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At 17, I Gave My Baby Up. I Never Expected The 2-Word Message My Child Would One Day Send Me.

Mar 12, 2024, 08:06 AM EDT


"What do you say to your child that isn’t legally your child when he reaches out to you in need of something you aren’t sure you’re allowed to give him?"




The author, age 17, holding Sarah one last time before she was taken by her adoptive parents and renamed Hanna.

COURTESY OF JOANNA GOOD


It was after dinner and I was on standby in case my daughters needed help with their homework. As I waited, I scrolled social media. I rarely pay any mind to my local online moms group now that my kids are teenagers, but an anonymous post stopped my finger mid-swipe.


A mother was asking for advice. She had just found out she was pregnant, and because she and her husband already had several children, he didn’t want any more. Though he was sure of his decision, she wasn’t, and wanted help figuring out what to do.


The post was flooded with hundreds of responses, most of which amounted to “You will never regret keeping your baby!” Then there were at least two dozen comments with the single word, “Adoption,” followed by varying amounts of exclamation points, and one with a question mark. I imagined the mothers writing those comments and pictured them throwing magical confetti at the computer as if they were helping — as if just typing that one word was a simple solution that would work for everyone.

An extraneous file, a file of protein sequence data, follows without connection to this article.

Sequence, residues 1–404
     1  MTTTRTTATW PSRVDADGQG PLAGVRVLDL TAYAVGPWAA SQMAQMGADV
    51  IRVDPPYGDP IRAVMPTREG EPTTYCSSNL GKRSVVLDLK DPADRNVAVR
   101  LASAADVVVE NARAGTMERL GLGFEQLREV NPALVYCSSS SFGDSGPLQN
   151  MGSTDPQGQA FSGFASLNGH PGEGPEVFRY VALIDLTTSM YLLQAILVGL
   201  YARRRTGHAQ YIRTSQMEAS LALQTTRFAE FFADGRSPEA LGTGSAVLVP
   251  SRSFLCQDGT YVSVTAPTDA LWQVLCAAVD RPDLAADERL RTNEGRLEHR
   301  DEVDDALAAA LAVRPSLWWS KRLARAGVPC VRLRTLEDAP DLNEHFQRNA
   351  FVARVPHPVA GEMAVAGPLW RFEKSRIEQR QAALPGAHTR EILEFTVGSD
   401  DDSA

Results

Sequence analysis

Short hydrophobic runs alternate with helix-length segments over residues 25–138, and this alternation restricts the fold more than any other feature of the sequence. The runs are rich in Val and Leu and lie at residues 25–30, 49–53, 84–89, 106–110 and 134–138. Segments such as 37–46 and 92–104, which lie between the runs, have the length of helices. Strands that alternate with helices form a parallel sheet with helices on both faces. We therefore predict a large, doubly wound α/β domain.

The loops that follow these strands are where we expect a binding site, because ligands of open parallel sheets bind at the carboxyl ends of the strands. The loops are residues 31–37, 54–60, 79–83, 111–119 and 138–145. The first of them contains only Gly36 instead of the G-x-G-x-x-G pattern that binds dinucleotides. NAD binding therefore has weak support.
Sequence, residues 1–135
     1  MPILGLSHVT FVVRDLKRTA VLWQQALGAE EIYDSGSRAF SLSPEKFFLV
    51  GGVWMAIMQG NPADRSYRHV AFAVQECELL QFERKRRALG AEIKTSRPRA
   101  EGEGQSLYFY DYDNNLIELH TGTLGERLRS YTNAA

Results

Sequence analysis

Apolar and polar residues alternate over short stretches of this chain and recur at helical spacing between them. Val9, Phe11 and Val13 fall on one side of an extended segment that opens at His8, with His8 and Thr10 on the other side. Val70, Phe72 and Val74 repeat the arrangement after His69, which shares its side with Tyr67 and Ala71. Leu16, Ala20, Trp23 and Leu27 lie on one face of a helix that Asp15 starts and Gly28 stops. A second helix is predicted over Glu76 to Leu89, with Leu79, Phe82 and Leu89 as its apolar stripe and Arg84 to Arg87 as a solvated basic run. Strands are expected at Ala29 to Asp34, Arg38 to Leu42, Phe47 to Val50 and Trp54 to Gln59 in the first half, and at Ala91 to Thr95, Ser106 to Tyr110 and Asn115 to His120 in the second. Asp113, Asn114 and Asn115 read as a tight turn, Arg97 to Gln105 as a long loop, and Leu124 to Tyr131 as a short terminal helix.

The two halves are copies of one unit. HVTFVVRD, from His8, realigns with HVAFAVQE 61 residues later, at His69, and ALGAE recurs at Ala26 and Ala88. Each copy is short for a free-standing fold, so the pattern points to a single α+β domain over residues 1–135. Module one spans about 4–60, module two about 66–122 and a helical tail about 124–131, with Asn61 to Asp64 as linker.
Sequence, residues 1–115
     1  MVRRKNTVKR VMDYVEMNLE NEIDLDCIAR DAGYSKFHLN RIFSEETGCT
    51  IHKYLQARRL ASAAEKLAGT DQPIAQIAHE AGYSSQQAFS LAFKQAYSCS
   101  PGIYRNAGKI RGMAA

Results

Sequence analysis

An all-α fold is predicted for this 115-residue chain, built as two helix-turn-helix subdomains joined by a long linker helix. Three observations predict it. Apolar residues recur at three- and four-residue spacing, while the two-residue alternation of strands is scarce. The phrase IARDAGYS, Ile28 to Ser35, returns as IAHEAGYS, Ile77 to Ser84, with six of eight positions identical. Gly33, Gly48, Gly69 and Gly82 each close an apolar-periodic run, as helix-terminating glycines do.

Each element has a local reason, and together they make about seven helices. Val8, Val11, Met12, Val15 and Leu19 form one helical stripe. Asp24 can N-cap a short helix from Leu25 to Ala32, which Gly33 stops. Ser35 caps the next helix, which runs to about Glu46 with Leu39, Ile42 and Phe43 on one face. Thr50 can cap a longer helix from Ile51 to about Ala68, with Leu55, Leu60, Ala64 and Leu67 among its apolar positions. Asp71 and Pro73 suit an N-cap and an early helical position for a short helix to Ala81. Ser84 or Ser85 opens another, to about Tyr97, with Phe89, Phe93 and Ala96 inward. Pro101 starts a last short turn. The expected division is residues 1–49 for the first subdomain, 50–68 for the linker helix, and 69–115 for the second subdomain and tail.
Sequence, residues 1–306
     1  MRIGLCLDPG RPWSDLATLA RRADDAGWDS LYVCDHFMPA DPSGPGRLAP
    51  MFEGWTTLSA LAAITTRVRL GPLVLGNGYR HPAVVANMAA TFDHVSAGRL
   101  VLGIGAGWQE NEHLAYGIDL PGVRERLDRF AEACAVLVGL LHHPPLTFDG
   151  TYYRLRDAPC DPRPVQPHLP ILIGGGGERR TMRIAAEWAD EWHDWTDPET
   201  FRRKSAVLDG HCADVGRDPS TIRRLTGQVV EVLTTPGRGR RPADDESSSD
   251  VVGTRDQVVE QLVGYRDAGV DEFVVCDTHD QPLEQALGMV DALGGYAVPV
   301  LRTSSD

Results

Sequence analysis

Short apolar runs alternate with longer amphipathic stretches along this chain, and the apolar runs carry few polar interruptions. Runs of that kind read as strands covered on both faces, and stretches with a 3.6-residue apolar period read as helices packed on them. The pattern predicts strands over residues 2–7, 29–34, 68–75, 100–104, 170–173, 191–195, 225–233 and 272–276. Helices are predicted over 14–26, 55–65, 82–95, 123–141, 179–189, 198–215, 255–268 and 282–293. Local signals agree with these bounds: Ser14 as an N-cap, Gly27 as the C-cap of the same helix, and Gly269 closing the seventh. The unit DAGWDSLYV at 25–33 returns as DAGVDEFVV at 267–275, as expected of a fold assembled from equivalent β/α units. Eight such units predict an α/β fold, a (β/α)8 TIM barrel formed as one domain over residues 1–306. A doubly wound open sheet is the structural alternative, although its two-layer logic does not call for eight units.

Do I respond to this mother in crisis? I wondered. I started to type. I deleted my comment. Do I respond to these flippant proposers of adoption? I started typing, then deleted the text once again. I turned my phone off and leaned my head back and closed my eyes. I was feeling so many emotions at once that I wasn’t sure I could even identify them all, but I definitely felt frustration, anger, and yearning swirling through my body.


People who have never been touched by adoption always seem to think of it as easy, but as a mother who placed her child for adoption, struggled through the chaotic emotional aftermath of the separation, and then reconnected with my child later on, I know the truth. Even though it was the right choice for me at the time, adoption is anything but easy.


I grew up in a small conservative town where sex ed classes weren’t part of our curriculum and there was hardly anything to keep us occupied when we weren’t in school. So, due to a lack of instruction, little self-control and a lot of boredom, I got pregnant at 16. A combination of Christian parents, no money or access to an abortion clinic (the closest one was four hours away), and no means to take care of the child I would soon give birth to meant adoption was the only option for me.


I was 17 years old when I had my baby, a girl I named Sarah, after my favorite book as a child, “Sarah, Plain and Tall.”